The negotiations leading up to the first bridge loan took place in the fall of 2000 and the loan was approved by Cadant's board on January 10, 2001—nine days after Cadant's reincorporation in Delaware took effect. The board would have assumed that, certainly from that day forward, the duties of the directors relating to both that loan and the second bridge loan would be governed by Delaware law.They brought this case initially as a freestanding suit in federal district court. The first was that there was insufficient evidence of proximate cause to allow a reasonable jury to render a verdict for the plaintiff, and the second was that there was likewise insufficient evidence of a breach of fiduciary duty. (Ordinarily the issue of duty would precede that of cause, but no matter.)The term “proximate cause” is pervasive in American tort law, but that doesn't mean it's well understood. The plaintiff had bought a building in Houston in reliance on what he claimed was the defendant's misrepresentation of its value.But in an earlier decision in this long-running litigation, Kennedy v. A common definition is that there must be proof of “some direct relation between the injury asserted and the injurious conduct alleged.” Hemi Group, LLC v. Had it not been for the misrepresentation he would not have bought it.There may have been a crossover effect; the collapse of stock values, and the recession (mild though it was) that accompanied it, reduced the amount of venture capital available for technology companies generally, and so may have made it difficult for Cadant to obtain needed investment on reasonable terms.Our point is only that the effect of the bubble's bursting on Cadant was a jury issue, not an issue that the judge could resolve because the effect was incontestable.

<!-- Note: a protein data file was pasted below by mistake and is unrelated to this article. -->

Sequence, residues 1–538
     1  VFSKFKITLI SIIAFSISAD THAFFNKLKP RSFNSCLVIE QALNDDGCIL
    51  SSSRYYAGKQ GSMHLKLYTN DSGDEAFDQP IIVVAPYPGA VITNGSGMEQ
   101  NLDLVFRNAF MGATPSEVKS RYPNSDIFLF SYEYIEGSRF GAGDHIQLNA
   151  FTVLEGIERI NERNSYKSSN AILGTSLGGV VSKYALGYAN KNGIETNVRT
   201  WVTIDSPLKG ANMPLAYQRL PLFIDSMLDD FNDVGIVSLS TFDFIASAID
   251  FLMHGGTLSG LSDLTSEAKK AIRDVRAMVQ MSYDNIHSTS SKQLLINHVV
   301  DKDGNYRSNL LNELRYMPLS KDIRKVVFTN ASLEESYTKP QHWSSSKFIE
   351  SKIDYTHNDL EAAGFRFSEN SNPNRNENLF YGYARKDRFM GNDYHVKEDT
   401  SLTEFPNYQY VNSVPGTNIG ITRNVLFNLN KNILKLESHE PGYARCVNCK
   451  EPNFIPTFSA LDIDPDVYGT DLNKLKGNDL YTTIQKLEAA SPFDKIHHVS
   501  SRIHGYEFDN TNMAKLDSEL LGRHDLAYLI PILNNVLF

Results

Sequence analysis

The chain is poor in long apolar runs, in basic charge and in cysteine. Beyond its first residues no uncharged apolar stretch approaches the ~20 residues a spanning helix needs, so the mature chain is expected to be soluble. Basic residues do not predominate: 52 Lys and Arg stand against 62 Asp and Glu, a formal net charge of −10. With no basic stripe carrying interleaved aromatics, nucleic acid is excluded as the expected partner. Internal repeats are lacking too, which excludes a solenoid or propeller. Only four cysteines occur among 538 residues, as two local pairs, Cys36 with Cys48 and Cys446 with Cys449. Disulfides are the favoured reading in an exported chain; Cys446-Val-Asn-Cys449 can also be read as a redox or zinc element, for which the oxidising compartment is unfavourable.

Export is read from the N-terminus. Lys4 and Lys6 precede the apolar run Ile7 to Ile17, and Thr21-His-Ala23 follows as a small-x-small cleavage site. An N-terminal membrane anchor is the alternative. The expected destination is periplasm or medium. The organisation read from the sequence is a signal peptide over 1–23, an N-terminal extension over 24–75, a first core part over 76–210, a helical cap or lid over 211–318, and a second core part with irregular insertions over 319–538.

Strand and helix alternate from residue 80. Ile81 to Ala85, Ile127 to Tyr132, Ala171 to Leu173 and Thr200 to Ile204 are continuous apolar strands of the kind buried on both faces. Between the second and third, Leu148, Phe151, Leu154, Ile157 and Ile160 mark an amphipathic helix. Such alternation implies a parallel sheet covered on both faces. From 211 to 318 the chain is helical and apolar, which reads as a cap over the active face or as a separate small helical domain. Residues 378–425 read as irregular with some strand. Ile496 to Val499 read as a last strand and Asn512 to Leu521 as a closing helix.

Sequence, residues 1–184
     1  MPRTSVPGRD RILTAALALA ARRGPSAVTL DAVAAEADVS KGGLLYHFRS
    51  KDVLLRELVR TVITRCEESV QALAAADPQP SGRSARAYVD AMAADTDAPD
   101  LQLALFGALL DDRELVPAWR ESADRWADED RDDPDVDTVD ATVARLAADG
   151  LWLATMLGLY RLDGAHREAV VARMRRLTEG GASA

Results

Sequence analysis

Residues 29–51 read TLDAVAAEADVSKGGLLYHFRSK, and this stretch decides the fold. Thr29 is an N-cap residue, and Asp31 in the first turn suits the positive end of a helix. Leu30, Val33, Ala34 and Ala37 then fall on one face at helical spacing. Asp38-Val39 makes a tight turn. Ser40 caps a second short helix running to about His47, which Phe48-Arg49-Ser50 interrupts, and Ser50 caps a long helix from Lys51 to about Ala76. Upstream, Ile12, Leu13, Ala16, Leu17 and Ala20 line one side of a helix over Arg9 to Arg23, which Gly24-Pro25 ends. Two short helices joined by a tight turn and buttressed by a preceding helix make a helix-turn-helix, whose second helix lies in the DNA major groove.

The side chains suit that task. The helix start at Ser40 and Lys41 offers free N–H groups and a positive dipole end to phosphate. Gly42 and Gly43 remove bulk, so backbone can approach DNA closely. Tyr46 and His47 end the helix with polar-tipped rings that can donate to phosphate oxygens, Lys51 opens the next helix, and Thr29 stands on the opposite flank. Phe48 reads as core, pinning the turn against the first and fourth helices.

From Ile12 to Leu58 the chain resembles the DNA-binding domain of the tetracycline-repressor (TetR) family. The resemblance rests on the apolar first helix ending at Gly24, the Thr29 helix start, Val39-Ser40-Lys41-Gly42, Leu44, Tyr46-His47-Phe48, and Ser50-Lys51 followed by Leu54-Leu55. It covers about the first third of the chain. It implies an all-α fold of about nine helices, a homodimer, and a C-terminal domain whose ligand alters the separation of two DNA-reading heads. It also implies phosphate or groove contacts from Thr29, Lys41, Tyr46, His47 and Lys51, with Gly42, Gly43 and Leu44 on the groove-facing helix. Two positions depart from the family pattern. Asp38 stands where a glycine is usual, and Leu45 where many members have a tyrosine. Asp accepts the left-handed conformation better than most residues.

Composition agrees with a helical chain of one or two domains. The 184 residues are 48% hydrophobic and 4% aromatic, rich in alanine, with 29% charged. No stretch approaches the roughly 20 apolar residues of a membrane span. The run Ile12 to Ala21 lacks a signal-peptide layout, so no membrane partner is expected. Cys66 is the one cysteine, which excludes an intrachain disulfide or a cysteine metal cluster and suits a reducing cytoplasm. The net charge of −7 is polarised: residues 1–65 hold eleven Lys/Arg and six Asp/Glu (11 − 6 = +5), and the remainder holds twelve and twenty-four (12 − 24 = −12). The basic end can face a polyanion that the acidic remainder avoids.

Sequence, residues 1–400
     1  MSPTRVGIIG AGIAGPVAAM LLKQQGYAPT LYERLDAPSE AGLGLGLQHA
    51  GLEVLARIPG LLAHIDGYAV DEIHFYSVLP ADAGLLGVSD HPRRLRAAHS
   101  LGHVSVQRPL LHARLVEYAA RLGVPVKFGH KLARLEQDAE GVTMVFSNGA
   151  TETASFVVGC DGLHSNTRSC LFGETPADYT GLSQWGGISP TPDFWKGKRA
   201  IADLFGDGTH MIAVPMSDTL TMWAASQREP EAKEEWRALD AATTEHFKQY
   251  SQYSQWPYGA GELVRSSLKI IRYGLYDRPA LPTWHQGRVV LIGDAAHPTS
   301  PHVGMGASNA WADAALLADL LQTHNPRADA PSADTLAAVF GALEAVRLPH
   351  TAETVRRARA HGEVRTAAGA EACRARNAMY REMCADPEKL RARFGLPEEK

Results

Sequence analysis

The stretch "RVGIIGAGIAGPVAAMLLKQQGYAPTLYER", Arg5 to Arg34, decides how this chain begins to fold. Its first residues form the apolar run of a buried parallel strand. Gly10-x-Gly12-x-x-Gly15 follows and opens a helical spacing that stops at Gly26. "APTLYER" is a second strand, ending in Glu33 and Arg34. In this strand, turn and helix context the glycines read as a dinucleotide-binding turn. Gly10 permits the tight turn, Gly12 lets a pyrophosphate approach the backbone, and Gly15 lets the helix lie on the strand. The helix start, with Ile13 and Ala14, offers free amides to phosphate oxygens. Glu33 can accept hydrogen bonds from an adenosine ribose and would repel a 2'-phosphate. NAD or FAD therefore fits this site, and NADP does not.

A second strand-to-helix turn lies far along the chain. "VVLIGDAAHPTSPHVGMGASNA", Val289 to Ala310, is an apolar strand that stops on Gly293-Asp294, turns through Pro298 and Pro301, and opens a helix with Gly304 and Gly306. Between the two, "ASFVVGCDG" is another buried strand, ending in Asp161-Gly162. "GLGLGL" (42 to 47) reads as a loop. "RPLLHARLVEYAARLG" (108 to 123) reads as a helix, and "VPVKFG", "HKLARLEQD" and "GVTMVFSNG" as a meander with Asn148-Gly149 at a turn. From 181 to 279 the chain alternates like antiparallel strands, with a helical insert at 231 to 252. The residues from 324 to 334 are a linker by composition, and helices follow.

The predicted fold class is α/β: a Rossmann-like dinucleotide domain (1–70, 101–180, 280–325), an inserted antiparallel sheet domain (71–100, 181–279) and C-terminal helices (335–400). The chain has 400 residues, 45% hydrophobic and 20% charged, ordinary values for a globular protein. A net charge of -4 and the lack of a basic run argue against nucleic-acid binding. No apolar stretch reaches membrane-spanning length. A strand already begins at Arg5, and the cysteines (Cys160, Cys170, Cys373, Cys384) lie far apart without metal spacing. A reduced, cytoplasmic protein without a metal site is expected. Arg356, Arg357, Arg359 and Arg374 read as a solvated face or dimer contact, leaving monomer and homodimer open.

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Illinois choice of law principles, which govern this case because it was filed in Illinois, makes the law applicable to a suit against a director for breach of fiduciary duty that of the state of incorporation. The board considered a proposal from a group of Chicago investors and a joint proposal from Venrock and J. Morgan, and eventually decided on an $11 million loan from Venrock and J. The board of directors had grown to seven members, of whom four, including Copeland, were employees of Venrock or J. The disinterested directors of Cadant (the directors who had no affiliation with Venrock or J. Morgan) who voted for the loan were engineers without financial acumen, and because they didn't think to retain their own financial advisor they were at the mercy of the financial advice they received from Copeland and the other conflicted directors. But “direct” is no more illuminating than “proximate .” Both are metaphors rather than definitions. But how could he have foreseen that his act would have triggered an explosion, as distinct from a possible injury to the boarder?